Jerry Goldman has been working on the Oyez Project in one iteration or another since the 1980s. At Oyez.org, you can find a vast archive of oral arguments from the U.S. Supreme Court and so much more, and you don’t even have to stick to using it in a web browser. Take the Supreme Court with you with their PocketJustice app. Not content to provide an excellent resource themselves, Oyez has partnered with others, including us on various other projects including our own Supreme Court Center.
It’s not just non-profits that love free law, even giants of the tech world are involved in the free law movement we love so much. In late 2009, Google put a ton of free US case law online as a part of Google Scholar. A year later, Google and the US Patent Office together made bulk US patent data available online. And, as I mentioned above, Google supported the Law.gov movement with a grant of $2 Million Dollars.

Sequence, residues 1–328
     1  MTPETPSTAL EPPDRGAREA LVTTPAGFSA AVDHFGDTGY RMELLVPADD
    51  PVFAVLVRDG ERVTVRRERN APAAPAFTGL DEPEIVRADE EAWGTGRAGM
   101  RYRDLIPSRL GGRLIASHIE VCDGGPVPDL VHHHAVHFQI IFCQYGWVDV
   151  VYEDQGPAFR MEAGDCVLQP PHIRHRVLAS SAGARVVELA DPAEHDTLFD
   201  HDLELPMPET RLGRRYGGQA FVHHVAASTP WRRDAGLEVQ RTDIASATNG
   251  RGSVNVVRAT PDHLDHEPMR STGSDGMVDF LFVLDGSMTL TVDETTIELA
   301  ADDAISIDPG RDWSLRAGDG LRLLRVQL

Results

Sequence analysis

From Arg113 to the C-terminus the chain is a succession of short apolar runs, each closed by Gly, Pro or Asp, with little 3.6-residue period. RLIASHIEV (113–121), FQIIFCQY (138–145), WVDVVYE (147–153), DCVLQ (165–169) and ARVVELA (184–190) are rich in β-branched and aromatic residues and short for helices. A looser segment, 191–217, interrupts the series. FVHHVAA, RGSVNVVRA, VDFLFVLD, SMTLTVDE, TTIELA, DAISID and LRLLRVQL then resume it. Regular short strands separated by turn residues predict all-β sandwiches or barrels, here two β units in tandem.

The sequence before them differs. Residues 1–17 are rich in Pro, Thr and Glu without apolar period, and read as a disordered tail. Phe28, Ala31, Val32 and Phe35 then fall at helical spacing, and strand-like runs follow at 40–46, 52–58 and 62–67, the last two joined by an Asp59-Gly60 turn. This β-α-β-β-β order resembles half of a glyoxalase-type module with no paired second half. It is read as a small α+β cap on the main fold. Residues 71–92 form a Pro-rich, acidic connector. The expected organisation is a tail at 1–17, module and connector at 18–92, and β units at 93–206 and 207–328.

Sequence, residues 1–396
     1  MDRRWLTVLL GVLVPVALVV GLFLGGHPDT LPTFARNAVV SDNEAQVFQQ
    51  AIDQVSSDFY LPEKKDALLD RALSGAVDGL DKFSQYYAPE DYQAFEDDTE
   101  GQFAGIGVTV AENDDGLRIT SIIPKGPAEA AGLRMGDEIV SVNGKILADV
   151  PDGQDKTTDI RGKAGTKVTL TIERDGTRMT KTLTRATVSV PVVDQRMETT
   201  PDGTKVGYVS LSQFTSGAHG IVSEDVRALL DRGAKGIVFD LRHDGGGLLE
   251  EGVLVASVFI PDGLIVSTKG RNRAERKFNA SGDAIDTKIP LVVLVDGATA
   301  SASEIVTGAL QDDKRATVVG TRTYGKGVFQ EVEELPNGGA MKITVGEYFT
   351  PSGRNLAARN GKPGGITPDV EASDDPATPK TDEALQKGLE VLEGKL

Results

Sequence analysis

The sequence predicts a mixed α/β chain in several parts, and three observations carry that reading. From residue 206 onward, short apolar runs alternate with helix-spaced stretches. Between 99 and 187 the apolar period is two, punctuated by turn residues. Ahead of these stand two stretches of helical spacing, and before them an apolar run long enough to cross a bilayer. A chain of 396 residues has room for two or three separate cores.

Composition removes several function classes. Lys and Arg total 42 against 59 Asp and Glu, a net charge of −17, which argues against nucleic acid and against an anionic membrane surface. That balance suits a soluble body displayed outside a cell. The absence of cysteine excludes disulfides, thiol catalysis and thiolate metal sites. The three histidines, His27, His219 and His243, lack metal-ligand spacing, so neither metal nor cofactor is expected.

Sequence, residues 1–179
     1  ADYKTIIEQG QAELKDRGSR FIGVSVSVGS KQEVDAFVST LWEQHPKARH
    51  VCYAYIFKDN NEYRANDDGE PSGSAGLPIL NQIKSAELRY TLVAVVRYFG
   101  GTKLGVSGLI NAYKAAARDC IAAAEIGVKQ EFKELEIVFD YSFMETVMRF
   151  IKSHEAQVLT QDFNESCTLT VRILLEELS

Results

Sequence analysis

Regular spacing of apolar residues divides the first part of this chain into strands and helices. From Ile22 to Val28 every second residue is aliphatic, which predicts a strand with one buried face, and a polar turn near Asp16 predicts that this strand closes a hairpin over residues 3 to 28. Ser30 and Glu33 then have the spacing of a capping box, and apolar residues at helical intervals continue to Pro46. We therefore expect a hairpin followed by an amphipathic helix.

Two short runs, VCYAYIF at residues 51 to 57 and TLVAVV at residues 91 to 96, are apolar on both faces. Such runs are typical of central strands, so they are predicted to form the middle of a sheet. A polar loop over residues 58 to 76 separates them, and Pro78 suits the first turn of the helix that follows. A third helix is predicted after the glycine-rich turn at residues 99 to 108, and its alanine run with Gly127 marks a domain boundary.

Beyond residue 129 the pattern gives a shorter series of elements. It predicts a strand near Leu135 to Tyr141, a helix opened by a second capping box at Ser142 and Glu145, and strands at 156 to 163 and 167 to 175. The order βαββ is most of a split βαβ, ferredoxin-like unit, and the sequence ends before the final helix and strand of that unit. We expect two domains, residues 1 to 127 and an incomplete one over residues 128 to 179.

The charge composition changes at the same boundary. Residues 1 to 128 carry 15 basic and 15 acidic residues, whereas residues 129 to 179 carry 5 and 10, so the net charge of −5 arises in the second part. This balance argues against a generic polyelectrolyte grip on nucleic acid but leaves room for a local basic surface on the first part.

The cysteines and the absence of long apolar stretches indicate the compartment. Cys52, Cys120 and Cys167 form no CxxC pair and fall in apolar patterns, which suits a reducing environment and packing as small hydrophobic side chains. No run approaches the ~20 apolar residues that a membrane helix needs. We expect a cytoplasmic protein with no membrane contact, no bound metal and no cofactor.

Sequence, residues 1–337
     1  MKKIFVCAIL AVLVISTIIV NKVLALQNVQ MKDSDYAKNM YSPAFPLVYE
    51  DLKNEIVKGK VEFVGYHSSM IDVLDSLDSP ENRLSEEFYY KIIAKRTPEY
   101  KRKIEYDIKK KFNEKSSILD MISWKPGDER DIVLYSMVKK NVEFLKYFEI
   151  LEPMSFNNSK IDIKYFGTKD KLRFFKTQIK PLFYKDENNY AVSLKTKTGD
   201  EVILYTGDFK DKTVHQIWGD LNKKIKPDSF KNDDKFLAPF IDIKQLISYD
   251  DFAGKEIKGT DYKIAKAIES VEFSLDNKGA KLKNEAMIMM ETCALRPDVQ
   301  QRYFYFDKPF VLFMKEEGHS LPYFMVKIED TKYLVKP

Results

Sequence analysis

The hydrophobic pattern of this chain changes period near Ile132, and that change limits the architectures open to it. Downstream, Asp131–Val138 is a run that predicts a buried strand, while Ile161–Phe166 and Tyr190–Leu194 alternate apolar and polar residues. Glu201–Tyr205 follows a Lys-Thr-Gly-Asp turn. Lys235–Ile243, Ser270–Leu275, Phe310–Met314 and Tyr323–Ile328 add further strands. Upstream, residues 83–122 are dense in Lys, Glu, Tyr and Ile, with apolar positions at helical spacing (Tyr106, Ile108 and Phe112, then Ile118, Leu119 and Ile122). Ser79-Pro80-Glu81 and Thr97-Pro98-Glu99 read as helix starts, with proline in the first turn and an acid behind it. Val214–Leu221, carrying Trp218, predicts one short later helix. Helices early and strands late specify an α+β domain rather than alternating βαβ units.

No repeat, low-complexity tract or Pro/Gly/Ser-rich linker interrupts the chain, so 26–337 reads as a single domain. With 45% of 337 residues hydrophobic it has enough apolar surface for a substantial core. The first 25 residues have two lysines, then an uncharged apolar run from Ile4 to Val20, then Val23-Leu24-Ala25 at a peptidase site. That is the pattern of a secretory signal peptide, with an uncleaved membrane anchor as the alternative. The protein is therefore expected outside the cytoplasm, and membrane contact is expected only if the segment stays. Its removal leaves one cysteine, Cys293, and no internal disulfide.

Google also supports free law in subtle ways with their APIs and services. Our Lawyer Directory and the directories of our partners (including Cornell and Oyez) use Google Maps and Google Location APIs to help guide people to lawyers and legal services, and many organizations that are dedicated to free legal information online use Google Apps for low cost instant collaboration.
Ed Walters of Fastcase has been a very vocal supporter of Law.gov and free legal information projects. Their own Public Library of Law has been a tremendous free resource for caselaw since 2008. More recently, Fastcase has started a collaboration with public.resource.org to provide RECOP, the Report of Current Opinions, to create an ongoing free feed of ALL slip and final opinions from the appellate courts of the 50 states and the federal government on a weekly basis.
Everyone who supports Law.gov and Free Law
We’d also like to extend Justia’s Valentine’s love to all of the great supporters of the Law.gov movement, and here are a bunch of them:
Sponsors: Google; Elbaz Family Foundation; Alexander Macgilivray, Twitter; Paul Haahr, Nathan Naze, and Marcia Hoffmann; Bob Young/The Beal Fund; Mitchell Kapor Foundation; O’Reilly Foundation; Hal Verian; Dale and Nancy Dougherty; and Craig Newmark.